About ten years ago, I met a very nice woman with my last name who said she was working on a historical fiction. At the time, I was not a big fan of historical fiction. She mentioned her historical fiction was also a romance. I was not at all into romance. (At least, not as a literary genre.) She confessed that her historical romance was nearly 900 pages long. And unfinished. I guess I must have thought she was a very nice woman indeed, because I volunteered to read her 900 page unfinished manuscript of romantic historical fiction. On our second meeting, she looked more than a little apologetic when she handed over a very heavy sack of papers. At this point I may have warned her that there could be a problem with this arrangement: I am not a very nice woman. If I didn’t like her book, I would tell her so.
What was I getting into? Perhaps this would be the beginning of a very short relationship. When I handed her manuscript back a few days later, Maria McKenzie scanned through and saw my semi-legible scrawl wending through just about every page. I told her she did not have a novel. She had three novels. I have been scrawling over her manuscripts on weekly basis ever since.
The three books of Maria McKenzie’s Unchained Trilogy, Escape, Masquerade and Revelation, have gone on to become bestsellers on Amazon’s African American Historical Fiction list. And today Audible released the first of the trilogy on audiobook.
When you are done reading Maria’s trilogy, you will jump to her gripping historical fiction from a more recent era, The Governor’s Sons. If you are in the mood for comedy, you will laugh out loud reading her foray into mystery, From Cad to Cadaver: A Black Ops Detective Story. She’s got another African American Historical Fiction in the works now, and it is shaping up to be her most ambitious and controversial yet.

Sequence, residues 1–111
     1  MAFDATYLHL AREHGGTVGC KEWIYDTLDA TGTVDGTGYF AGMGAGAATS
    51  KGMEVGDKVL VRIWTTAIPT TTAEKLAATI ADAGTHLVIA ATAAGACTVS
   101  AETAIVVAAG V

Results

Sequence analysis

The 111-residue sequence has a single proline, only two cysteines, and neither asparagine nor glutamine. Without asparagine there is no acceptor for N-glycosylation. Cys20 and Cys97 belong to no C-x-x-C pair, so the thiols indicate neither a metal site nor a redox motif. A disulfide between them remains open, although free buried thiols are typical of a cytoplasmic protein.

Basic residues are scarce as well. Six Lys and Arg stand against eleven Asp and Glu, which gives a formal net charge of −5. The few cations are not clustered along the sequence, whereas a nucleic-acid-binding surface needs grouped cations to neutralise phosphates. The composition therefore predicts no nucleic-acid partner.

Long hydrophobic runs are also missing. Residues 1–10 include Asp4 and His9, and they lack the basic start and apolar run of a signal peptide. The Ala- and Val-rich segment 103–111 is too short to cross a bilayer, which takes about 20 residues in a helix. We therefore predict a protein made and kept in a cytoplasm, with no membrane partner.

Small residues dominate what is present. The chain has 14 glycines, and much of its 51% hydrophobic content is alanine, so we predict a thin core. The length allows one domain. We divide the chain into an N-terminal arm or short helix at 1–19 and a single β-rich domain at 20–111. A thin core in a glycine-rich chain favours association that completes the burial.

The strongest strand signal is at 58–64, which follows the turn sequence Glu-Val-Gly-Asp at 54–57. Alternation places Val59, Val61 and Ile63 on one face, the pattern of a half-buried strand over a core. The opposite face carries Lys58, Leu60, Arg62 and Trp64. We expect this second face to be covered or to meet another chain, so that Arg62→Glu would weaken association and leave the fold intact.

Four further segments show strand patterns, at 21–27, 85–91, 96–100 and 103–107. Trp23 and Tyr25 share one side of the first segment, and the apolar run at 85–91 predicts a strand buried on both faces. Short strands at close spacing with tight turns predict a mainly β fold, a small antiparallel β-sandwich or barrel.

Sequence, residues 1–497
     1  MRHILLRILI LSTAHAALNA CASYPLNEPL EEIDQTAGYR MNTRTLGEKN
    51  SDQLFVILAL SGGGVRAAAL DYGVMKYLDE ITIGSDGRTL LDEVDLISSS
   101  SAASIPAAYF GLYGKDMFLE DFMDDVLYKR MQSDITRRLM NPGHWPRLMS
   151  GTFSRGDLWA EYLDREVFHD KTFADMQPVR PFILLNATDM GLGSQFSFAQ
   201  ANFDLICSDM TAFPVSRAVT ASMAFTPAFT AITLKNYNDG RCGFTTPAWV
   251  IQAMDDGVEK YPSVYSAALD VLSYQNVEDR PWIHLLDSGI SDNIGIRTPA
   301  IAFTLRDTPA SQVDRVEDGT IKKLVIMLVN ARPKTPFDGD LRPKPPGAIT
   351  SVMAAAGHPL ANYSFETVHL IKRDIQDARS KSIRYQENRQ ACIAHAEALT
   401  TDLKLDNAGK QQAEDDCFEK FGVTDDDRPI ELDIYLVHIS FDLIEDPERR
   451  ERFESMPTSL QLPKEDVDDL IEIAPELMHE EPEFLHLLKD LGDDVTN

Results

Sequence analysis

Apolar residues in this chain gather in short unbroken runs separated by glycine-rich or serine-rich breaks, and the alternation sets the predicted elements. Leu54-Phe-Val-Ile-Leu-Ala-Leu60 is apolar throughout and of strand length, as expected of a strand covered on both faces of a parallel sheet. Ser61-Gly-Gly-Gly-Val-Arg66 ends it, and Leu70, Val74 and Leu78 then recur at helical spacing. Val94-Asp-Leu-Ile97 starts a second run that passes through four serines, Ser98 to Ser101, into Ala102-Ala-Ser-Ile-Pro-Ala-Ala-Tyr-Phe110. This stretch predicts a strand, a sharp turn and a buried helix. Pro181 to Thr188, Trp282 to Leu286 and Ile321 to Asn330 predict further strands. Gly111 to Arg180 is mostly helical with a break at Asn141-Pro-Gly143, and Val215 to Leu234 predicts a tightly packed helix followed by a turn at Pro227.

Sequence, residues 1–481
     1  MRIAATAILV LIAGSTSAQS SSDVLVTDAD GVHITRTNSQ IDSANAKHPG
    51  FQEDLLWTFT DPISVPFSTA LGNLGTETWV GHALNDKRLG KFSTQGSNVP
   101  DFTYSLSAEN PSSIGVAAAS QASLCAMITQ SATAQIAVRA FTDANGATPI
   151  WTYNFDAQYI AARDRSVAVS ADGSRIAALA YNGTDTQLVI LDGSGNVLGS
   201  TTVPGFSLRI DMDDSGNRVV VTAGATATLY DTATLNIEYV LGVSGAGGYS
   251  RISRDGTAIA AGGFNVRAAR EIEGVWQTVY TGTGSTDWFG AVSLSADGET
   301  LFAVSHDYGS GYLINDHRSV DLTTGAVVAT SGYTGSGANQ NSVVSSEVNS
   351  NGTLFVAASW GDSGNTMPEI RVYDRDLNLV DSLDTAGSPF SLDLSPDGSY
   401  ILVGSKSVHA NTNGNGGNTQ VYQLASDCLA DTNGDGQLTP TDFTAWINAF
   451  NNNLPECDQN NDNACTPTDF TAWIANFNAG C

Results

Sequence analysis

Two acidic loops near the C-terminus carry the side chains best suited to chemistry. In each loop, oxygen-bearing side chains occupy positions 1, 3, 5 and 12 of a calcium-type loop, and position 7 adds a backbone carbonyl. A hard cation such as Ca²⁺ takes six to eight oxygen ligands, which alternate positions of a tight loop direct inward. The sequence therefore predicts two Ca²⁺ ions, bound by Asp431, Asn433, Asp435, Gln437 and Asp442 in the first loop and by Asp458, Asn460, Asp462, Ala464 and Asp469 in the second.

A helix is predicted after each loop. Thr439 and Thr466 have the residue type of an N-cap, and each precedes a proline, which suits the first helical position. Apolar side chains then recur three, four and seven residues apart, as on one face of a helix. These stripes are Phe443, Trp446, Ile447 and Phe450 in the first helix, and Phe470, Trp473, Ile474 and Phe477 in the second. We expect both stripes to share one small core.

When my MS has acted up, this prolific author and unwavering friend has prayed over me, has baked my family delicious pans of lasagna. I am so grateful for the many students I have had who have turned into friends. Each and every one of them has shared their complex inner lives with me, widening my scope of interest.
Here is an incomplete list of links to my students’ works. It is incomplete, in part, because many of the talented writers from The Clifton Cultural Arts Center, The Art Academy of Cincinnati, The Kenwood Senior Living Center, The University of Iowa and my long ago workshop in CT have produced works of great literary merit but have not yet published.
Phone Scams by Lee German
Something Sweet by Andrea Rotterman
Introducing the Eradicator by Edith Samuels
Jigsaw by Edith Samuels
A Circle of Gratitude by Joan D. Sattler
Thoughts and Attitudes by Joan D. Sattler
Two Visitors by Win Swormstedt
Put it on the Tab, Mr. Joe by Ida Zinam